ONIX (ONline Information eXchange) is a means of representing book industry product information and is being used by some publishers today to communicate that data electronically.
BECITES+ (Bibliographies plus: Enhanced Citations with Indexes, Tables of contents, Electronic resources and Sources cited) enhances staff- produced bibliographies, and the catalog records for the titles included in such bibliographies, by adding links to their tables of contents, indexes, and sources cited. Another recent initiative has been the scanning and conversion to text of heavily used, but out-of- print guides to Library collections whose individual items are not easily identified in the Library's online catalog.
In addition to guides previously completed in business, immigration, and the works of Jefferson, the project has digitized ten titles published by the Center for the Book as well as a Guide to Manuscripts in the Monasteries of Mt. Athos. A number of other works are in progress, covering additional business resources, guides to microfilm collections, prints and photographs resources, manuscripts from additional Middle Eastern monasteries, as well as a guide to Ladino publications in the Library of Congress. The BeCites+ main Web page is located at http://www.loc.gov/rr/business/guide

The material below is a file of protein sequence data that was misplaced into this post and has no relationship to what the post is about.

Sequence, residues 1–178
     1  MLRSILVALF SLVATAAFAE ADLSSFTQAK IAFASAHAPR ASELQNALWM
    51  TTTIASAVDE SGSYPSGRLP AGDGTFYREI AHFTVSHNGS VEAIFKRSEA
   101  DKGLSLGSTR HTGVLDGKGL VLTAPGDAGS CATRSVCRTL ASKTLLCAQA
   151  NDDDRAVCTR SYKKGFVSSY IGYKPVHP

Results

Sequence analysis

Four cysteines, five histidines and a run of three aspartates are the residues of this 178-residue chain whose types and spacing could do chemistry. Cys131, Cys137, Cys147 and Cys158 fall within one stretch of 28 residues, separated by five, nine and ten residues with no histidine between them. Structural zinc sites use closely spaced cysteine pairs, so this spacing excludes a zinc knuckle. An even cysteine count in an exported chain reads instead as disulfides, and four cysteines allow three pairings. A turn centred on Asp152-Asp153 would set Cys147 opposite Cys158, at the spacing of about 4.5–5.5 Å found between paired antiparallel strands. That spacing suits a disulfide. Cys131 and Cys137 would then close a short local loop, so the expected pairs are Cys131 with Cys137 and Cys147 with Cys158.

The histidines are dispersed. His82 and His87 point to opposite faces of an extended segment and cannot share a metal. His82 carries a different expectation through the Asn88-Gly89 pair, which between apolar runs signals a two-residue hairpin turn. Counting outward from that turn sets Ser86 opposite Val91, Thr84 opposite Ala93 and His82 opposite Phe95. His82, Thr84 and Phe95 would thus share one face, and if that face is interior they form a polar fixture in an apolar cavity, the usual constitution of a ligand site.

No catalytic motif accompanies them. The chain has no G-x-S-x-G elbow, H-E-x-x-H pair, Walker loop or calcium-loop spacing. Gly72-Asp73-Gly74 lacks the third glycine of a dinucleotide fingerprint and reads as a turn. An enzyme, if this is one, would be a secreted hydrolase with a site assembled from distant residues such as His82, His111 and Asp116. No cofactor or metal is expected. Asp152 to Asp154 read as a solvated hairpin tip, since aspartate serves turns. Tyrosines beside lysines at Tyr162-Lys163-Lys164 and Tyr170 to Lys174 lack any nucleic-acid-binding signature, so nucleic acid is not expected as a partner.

The Library is in discussion with the INFOMINE Project (http://infomine.ucr.edu) at the University of California, Riverside about establishing a cooperative agreement to test the iVia software (http://infomine.ucr.edu/iVia/) developed for the INFOMINE project. iVia harvests, analyzes, and processes metadata from Web sites and other digital objects for use in the INFOMINE database. The parties believe that it would benefit the library community worldwide to incorporate the Library’s subject authority and classification data into the iVia automatic classifier capability. It is thought that the incorporation of this data will improve the ability of the iVia software to generate metadata useful to the Library and other libraries, with minimal intervention by cataloging staff. The goal of the cooperative agreement would be to test this hypothesis.
Questions regarding BEAT and its activities may be directed to John D. Byrum Jr., Chief, Regional and Cooperative Cataloging Division Library of Congress [email protected]
This page last updated June 16, 2005